Following our premiere of Eli Sundae’s ‘Art Gallery Bruisers’ a track off their latest EP Eli Bloody Eli, we get to know those behind the musical madness.
Hi Sam! We make power-pop for horny dorks. A friend of a friend of my uncle’s emailed me yesterday to say that the record reminded him of the first Nick Lowe LP, Jesus of Cool. I started crying. I’d like to keep drawing that comparison, please.
Tell us a bit about yourself, some fun facts about Eli Sundae if you will.
Eli Sundae is just me taking a running start at a family tradition.
My grandfather was a painter. Grandpa Richard painted birds, almost exclusively. The bird paintings were everywhere in my childhood home. They’re all small, they’re all silly, and they’re also sorta sad.
My mom is a choreographer. I grew up in the audience of her dance performances, watching her move. My mom’s dances are like Grandpa Richard’s birds: they’re small, they’re silly, they’re sorta sad.
For a long time, I was under the impression that I had to make music that was Very Serious™. That’s bogus. I’m just gonna do it like Grandpa Richard and my mom. Seems like they got a good thing going. Small, silly sad. Thinking about their stuff makes me feel like making music.
The Eli Bloody Eli EP is great from start to finish, what was the main vision when you came to put the EP together?
Thanks for saying so! Making Eli Bloody Eli involved returning to the scariest spaces from my life–places I’ve felt like a fuckup and a dork (school, bedtime, fucking)–and taking inventory.
So it’s a record about the fears you face to make some room for yourself. You go back to those places, tear them down, and build a new version. One that works for you.
How did the NYC release show go?
Man, it was so fun! We played the old record, the new record, and some songs from whatever’s next. I danced my ass off, made some new friends, and totally shot my voice.
Specifically, I’d like to shout out the bands Oceanator and Hellrazor, who opened up the show. Those are two of my absolute favorite projects in NYC right now. Playing with bands that good is an incredible con, ’cause I get to see them for free, all in one place.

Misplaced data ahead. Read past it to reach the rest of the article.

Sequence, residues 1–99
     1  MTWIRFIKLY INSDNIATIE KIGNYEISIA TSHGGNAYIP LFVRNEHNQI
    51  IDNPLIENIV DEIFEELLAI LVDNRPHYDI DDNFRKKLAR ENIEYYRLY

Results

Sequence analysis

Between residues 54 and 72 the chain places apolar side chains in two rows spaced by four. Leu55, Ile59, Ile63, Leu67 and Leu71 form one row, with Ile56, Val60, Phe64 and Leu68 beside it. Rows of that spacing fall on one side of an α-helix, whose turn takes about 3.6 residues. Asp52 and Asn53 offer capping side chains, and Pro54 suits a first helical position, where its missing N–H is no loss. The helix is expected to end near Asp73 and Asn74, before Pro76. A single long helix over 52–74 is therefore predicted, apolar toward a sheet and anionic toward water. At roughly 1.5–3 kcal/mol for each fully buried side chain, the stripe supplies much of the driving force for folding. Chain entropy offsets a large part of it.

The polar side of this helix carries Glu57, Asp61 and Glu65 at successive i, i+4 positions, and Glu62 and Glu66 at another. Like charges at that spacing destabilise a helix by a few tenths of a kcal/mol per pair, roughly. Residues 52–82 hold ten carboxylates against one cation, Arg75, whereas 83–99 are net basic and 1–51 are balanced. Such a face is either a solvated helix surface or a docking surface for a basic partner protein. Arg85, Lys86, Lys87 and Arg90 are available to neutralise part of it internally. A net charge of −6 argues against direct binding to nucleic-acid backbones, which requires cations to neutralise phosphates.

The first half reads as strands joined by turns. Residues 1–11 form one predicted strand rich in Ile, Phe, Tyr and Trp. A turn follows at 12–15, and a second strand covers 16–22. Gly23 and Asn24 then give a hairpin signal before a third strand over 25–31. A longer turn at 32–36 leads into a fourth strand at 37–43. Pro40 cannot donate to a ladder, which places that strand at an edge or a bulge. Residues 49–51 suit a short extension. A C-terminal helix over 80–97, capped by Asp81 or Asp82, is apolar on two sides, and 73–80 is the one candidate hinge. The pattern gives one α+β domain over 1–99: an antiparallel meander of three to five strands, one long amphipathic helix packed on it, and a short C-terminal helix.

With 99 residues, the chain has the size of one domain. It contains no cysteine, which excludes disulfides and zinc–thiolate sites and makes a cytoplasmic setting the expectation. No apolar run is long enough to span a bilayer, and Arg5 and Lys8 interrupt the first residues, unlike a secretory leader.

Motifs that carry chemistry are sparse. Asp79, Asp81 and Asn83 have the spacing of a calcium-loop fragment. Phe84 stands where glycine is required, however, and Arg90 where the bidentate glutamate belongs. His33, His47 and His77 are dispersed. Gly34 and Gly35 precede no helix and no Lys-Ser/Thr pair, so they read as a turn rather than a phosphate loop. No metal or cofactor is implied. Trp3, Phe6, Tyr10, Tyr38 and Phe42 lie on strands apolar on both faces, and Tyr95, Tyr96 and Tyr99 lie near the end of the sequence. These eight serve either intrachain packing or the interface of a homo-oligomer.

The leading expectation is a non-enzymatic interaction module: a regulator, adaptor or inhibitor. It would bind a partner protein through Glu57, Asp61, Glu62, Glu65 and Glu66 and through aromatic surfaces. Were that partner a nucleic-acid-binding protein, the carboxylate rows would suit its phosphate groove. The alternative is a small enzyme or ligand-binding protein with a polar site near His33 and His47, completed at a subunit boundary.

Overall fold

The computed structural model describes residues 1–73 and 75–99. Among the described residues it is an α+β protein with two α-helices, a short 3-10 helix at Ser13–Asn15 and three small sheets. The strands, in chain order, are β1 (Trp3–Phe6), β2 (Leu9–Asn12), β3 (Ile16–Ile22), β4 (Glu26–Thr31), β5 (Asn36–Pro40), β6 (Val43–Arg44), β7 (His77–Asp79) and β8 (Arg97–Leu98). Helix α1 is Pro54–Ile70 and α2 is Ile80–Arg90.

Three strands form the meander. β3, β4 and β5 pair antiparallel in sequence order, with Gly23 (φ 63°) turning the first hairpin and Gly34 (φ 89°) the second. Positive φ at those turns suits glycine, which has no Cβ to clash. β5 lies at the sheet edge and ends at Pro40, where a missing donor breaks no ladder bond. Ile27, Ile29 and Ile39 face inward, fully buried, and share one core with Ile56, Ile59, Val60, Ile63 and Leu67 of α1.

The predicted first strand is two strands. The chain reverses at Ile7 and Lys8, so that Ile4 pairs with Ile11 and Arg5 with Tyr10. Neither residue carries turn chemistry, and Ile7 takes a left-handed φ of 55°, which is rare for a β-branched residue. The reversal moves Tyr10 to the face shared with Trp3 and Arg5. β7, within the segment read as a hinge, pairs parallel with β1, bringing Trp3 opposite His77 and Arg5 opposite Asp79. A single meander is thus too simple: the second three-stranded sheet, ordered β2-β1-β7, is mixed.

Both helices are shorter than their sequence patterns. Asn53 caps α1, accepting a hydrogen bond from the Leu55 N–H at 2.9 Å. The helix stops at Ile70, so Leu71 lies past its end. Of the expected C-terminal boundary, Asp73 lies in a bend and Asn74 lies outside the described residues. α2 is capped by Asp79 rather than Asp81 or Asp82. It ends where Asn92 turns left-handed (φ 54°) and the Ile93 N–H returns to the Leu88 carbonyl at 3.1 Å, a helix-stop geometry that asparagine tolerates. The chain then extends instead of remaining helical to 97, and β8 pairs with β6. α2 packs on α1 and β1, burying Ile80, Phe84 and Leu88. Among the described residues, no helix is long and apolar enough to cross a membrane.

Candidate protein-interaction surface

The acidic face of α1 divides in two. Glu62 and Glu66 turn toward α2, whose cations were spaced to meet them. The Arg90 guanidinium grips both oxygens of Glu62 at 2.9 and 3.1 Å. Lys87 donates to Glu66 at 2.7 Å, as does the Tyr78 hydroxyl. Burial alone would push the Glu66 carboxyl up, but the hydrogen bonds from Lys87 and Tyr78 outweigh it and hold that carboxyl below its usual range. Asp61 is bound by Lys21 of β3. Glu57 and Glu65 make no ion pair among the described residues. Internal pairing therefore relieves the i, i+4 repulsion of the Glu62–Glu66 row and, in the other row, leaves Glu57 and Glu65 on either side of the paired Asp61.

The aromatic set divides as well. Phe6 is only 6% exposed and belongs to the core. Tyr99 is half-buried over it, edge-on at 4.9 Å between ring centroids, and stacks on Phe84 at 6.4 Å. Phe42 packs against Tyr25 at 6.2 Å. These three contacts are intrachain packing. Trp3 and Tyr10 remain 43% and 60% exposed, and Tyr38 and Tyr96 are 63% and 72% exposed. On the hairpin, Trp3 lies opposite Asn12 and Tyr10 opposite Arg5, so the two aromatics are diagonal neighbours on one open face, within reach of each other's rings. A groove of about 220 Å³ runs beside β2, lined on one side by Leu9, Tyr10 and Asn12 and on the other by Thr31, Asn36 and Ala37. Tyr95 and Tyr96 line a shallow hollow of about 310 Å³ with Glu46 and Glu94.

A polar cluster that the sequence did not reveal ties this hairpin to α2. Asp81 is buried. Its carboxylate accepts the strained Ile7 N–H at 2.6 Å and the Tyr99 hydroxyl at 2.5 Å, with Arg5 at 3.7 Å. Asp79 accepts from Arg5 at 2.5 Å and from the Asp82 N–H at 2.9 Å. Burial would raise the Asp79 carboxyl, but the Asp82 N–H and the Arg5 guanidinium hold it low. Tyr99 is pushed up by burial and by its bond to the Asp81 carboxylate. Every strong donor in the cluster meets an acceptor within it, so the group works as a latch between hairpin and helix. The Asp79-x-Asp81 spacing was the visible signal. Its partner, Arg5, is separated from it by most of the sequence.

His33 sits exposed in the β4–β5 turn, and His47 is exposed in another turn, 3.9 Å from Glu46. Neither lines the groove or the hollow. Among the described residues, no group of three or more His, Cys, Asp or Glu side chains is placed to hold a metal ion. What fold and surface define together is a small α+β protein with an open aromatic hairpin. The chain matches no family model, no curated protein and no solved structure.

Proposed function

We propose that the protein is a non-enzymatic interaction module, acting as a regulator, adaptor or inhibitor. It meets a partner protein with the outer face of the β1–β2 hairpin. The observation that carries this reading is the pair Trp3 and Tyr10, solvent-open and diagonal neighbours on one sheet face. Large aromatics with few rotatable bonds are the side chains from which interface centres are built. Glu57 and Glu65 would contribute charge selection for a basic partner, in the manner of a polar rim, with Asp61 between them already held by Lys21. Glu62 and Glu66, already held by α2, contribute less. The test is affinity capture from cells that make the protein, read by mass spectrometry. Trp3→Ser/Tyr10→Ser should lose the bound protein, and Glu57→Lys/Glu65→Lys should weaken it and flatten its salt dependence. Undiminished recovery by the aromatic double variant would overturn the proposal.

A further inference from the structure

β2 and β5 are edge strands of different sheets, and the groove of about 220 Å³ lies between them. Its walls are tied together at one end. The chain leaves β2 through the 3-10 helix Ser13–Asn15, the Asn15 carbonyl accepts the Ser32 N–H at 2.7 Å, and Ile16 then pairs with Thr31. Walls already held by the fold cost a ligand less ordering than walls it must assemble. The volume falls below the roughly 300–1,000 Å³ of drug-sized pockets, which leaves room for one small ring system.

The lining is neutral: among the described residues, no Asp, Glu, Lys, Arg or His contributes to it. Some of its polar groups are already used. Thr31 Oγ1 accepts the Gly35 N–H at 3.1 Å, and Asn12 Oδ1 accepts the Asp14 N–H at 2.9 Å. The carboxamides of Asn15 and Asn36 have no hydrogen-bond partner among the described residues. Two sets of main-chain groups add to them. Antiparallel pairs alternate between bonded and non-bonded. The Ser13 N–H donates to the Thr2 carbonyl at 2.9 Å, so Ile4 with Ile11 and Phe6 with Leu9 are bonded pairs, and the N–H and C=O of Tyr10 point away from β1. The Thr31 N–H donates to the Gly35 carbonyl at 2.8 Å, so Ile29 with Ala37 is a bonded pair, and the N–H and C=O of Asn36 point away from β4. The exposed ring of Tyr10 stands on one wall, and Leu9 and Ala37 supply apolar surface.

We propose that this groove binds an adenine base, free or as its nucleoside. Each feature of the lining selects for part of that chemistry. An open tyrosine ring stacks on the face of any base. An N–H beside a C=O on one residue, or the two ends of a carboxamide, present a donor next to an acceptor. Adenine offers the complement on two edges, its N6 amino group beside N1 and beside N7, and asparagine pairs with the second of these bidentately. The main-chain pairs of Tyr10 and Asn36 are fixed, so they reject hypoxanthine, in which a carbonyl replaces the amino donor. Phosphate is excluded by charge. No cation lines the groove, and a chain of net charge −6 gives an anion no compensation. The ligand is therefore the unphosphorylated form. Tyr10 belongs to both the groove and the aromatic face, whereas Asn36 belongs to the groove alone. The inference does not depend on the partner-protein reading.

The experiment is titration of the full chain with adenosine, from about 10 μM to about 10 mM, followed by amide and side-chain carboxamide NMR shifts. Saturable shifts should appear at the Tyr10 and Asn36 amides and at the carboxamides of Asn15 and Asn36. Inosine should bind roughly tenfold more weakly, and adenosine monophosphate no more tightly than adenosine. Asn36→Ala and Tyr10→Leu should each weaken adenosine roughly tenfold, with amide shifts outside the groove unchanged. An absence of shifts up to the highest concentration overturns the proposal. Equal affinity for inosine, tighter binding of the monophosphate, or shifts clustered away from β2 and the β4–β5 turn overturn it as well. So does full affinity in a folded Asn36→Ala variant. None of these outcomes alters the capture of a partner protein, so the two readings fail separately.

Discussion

Tell us a bit about the cover art for the EP?
For the last record, Betcherino, we used one of Grandpa Richard’s bird drawings, to set the tone for this project. I was all set to use another Grandpa Richard bird this time around, but [guitarist and producer] Danny suggested that I should try drawing it myself.
I drew Box Man, and I felt like the picture had some Grandpa Richard vibes. Box Man is hiding from everything, but he’s just doing his best! Chilling out in some dope flip flops.
You’ve been playing quite a few great gigs – have there been any particular highlights for you?
Last month we played with the vancouver band Peach Pit, at their first-ever NYC show. God bless those fancy daddies–I shimmied with parts of my body that I didn’t even know I had.
What are the very first things you do when you come to create music?
Step 1: peel off from the group hang, and sing some ba-da-da nonsense into my phone in the bathroom.
Step 2: forget I ever did that.
Step 3: weeks later, listen back to my voice memos. Mis-hear whatever I was going for originally. Write some other shit instead.
What’s the most exciting thing you have planned between now and Christmas?
I’m gonna drive down the west coast, play the first Eli Sundae California shows, and finally find my signature scent.
Have you got any plans for an album now the EP is out the way?
We’re throwing around some songs. I think we’ll only do an LP-sized record if we have an LP-sized idea. Some of the new tracks might be growing into that.
What/who else influences/inspirations would you say play a part in the creation of your music?
Besides Grandpa Richard’s paintings and my mom’s dances, key influences include:
- “Video Killed the Radio Star”
- ASMR videos
- Fatboy Slim’s mid-00s stuff
- Shel Silverstein
- Jonathan Richman (only the dumbest songs)
- GIFs of things fitting perfectly into other things
What’s the ultimate aim for Eli Sundae?
I think Eli Sundae probably culminates in a big-ass snowball fight, but the fate of the town hangs in the balance. Like a snowball fight against the mayor.